In this visualization, we’ve teamed up with HIVE Digital to see how data centers are evolving to recapture and recycle that energy.

How Much Heat Does a Data Center Produce?

To get an idea how much heat we’re talking about, let’s imagine a mid-sized cryptocurrency operation with 1,000 of the most energy-efficient mining rigs on the market today, the Antminer S21 Hydro. One of these rigs needs 5,360 watts of power, which over a year adds up to 47 MWh.

Multiply that by 1,000 and you end up with over 160 billion BTU, which is enough energy to heat over 4,600 U.S. homes for a year, or if it happens to be Oscar season, enough heat to pop 463,803 metric tons of popcorn. Less if you want melted butter on it. 

How Waste Heat Recycling Works?

At a high level, waste heat is recaptured and transferred via heat exchangers to district heating networks, for example, where it can be used to provide sustainable heat. Cool air is then returned to the data center and the cycle begins again.

Liquid cooling is by far the most efficient means of recapturing and transporting heat, since water can hold roughly four times as much heat as air.

Data centers around the world are already recycling their waste heat to farm trout in Norway, heat research facilities in the U.S., and to heat swimming pools in France.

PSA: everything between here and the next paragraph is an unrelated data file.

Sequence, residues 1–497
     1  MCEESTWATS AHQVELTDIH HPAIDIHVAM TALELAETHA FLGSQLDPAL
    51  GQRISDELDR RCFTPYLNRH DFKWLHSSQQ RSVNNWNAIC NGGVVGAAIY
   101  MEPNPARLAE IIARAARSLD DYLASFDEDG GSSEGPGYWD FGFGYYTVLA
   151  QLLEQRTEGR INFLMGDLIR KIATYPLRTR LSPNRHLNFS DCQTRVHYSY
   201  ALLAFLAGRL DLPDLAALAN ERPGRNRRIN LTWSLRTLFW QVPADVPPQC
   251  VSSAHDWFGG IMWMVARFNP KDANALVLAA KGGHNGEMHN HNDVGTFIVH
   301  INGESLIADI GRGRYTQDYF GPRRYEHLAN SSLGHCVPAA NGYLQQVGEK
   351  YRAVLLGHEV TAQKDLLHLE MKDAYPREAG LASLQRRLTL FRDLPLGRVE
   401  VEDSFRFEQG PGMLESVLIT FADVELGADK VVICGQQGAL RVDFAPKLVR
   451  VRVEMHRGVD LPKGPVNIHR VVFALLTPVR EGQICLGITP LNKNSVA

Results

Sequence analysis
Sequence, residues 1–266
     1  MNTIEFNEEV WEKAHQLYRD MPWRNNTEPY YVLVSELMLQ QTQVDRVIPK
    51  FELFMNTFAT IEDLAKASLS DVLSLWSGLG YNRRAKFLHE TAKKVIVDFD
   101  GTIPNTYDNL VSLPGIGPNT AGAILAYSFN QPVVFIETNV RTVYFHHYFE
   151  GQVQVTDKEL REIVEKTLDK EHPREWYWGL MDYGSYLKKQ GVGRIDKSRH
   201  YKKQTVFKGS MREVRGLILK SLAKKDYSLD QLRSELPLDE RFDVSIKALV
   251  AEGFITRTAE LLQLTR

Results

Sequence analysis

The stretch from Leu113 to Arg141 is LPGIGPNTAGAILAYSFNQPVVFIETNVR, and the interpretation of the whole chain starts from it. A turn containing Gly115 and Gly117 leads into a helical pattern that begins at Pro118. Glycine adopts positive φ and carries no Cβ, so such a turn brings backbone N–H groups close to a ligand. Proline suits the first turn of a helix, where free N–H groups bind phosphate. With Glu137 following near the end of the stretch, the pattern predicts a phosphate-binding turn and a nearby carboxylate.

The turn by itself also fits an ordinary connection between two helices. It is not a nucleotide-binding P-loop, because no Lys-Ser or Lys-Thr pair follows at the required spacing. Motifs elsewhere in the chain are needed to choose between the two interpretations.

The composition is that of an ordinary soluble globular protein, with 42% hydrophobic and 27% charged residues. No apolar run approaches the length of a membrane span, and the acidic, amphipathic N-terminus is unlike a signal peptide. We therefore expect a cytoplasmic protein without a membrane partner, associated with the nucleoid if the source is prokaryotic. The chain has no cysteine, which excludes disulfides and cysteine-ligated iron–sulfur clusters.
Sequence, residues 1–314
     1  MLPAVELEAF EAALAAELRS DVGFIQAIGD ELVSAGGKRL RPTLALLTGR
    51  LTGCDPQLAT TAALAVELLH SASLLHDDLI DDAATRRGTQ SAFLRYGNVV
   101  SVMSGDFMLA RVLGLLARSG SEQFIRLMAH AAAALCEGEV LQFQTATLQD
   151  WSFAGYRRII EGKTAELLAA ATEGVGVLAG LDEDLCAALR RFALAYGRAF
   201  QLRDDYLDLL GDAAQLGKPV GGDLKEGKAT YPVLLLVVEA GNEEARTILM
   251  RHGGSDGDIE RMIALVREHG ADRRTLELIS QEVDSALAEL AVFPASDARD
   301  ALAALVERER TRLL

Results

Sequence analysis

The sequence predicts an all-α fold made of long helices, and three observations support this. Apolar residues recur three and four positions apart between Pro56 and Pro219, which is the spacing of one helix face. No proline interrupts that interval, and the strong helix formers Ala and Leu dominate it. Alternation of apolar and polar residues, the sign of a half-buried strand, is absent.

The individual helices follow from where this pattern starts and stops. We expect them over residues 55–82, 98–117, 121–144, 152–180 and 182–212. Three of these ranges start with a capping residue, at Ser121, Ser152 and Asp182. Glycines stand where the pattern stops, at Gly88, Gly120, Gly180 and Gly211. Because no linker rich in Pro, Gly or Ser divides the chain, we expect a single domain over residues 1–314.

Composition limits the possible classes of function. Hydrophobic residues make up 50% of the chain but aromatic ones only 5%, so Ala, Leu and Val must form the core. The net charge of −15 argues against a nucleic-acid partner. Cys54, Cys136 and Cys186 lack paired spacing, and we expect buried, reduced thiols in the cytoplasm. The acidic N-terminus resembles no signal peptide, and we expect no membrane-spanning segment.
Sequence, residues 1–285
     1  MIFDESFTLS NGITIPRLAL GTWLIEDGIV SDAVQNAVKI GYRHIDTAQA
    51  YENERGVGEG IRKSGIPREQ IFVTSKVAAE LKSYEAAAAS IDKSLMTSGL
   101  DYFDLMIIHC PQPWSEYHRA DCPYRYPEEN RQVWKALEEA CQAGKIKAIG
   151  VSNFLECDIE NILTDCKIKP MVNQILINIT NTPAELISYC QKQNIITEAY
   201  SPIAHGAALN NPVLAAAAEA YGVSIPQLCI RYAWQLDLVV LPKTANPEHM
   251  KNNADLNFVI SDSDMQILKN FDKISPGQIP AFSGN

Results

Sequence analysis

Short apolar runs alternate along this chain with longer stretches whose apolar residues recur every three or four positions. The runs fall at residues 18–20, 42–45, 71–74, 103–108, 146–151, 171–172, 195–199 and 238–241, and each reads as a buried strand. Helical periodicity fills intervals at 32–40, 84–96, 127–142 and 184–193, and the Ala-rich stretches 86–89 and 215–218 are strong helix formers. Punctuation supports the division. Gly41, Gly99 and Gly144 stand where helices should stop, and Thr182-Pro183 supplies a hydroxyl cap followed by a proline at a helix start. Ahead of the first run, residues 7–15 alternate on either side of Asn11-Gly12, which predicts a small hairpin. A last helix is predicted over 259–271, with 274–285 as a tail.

A Greener Future for Data Centers?

Waste heat recycling has so far been voluntary, led by operators looking to put their operations on a more sustainable footing, but new regulations could change that. 

Amsterdam and Haarlemmermeer in the Netherlands require all new data centers to explore recycling their waste heat. In Norway, they require it for all new data centers above 2 MW, while Denmark has taken a carrot approach, and developed tax cuts and financial incentives. And in late 2023, the EU Energy Efficiency Directive came into force, which will require data centers to recycle waste heat, or show that recovery is technically or economically infeasible. 

With Europe leading the way, could North America be very far behind?

HIVE Digital Provides Sustainable Heat

HIVE Digital is already recycling waste heat from its data center operations in Canada and Sweden. 

Their 30 MW data center in Lachute, Québec, is heating a 200,000 sq. ft. factory, while their 32 MW data center in Boden, Sweden, is heating a 90,000 sq. ft. greenhouse, helping to provide sustainably grown local produce, just one degree short of the Arctic Circle.

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Learn how HIVE Digital is helping to meet the demands of emerging technologies like AI, sustainably.